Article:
it I might only bring upon myself certain destruction. Religion
joined in with this prudent consideration, and I concluded that I
would be going quite beyond my duty in destroying creatures who
were innocent as to me, however guilty they might be towards one
another. This appeared so clear to me now, that nothing was a
greater satisfaction to me than that I had not been suffered to doa
_ thing which I now saw so much reason to believe would have been
sinful murder, and I gave most humble thanks to God that He had
thus delivered me from blood-guiltiness.
In this state of mind I continued for near a year after this. I re-
moved my boat which was on the other side of the island to a little
cave under some high rocks on the east end of the island, that there
76 ROBINSON CRUSOE.

might not be near the place where the savages landed any shadow of
human presence. Besides this I kept myself more retired than ever,
and seldom left my cell except when I went out to milk my goats and
manage my little flock in the wood. which was quite out of danger
on the other side of the island.

T now cared not to drive a nail, chop a stick, fire a gun, or make a







“‘T0 SEE IF I COULD OBSERVE ANY BOATS.”

fire, lest either the noise be heard, or the smoke betray me. For
this reason I did all the work requiring fire at my new apartment in
the woods, when, after a while, I found by accident a natural cave
in the earth which proved to be a great convenience to me.

It was while I was cutting some wood to make charcoal that I dis-
covered this cave ; and before I go on I must observe the reason for
my making this charcoal, which was that I could use it to bake und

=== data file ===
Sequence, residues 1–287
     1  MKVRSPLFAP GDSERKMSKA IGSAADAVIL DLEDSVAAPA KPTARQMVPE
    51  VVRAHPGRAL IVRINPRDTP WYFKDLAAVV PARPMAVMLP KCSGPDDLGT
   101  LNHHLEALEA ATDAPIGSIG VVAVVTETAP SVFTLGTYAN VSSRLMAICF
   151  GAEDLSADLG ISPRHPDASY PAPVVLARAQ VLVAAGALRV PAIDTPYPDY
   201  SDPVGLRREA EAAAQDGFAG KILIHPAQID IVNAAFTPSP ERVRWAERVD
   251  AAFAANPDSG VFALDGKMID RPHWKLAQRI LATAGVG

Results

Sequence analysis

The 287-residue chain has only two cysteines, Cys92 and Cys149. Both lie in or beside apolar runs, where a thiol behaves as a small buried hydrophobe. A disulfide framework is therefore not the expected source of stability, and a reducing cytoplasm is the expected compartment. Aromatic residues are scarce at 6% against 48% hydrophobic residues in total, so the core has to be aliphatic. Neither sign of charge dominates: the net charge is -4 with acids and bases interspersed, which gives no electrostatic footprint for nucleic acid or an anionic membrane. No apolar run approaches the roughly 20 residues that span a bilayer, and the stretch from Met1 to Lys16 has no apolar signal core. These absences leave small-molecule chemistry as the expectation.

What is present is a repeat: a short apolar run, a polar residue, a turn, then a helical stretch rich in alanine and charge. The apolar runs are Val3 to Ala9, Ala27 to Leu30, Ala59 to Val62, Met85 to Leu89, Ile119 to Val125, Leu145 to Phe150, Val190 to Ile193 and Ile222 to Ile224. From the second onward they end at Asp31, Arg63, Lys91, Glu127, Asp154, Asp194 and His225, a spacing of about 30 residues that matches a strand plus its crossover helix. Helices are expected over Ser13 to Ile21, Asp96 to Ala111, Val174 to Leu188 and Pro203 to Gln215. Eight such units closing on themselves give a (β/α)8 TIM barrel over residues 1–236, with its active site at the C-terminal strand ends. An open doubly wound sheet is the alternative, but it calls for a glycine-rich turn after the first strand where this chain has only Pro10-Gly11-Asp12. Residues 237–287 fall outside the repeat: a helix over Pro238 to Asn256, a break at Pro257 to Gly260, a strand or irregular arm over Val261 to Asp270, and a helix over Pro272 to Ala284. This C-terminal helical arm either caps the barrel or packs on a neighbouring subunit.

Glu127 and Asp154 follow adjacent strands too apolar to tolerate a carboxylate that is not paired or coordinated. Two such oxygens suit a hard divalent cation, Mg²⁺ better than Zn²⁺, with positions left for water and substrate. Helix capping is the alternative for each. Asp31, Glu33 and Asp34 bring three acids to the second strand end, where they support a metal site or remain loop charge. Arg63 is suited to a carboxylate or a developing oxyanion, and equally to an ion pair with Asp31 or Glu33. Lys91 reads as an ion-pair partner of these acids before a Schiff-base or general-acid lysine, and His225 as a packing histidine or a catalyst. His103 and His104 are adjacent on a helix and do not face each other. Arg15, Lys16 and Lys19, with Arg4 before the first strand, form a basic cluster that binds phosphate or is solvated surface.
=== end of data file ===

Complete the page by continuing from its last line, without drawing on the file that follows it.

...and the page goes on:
cook without making a smoke. While I was cutting wood one day,
I perceived, behind a very thick branch of brushwood, a kind of hol-
ROBINSON CRUSOE. 77

low place. I looked into the mouth of it,
and found it was so large that I could
stand upright in it. But 1 made more

haste out than I did in, for I saw two
shining eyes of some creature which

twinkled like stars. When I re-
covered a little from my surprise,

I plucked up courage, and tak-

ing a flaming firebrand, I
rushed in again, and found
there was no cause
for fear, for the eyes
were those of an old
goat, which was dy-
ing, indeed, of old age.
I stirred him a little
to see if I could get
him out, but he was
not able to raise him-
self, so I let him he
there.

I found the cave to
be about twelve feet
wide, but there was a
place at the farther
side of it that went in
still farther, but so
low that I had to creep
on my hands and feet
to go in. I gave up
my search for that
time, but came the
next day provided
with candles, and
when I got to the end of the low passage, I found the roof rose to
the height of near twenty feet.

As the light of my two candles shone on the sides and roof of this









“‘T STIRRED HIM A LITTLE.”

=
-
Toe. ROBINSON CRUSOE.

cave, it made a most glorious sight, for the walls reflected a hundred
thousand lights to me, as if they had been madeof diamonds and
other precious stones. What was in the rock to cause this, I- knew
not. The place was a most delightful grotto, and I resolved to bring
here some of the things 1 was most anxious about, particularly my
magazine of powder, and my spare arms. The old goat died in the
mouth of the cave the next day after I discovered it, and I found it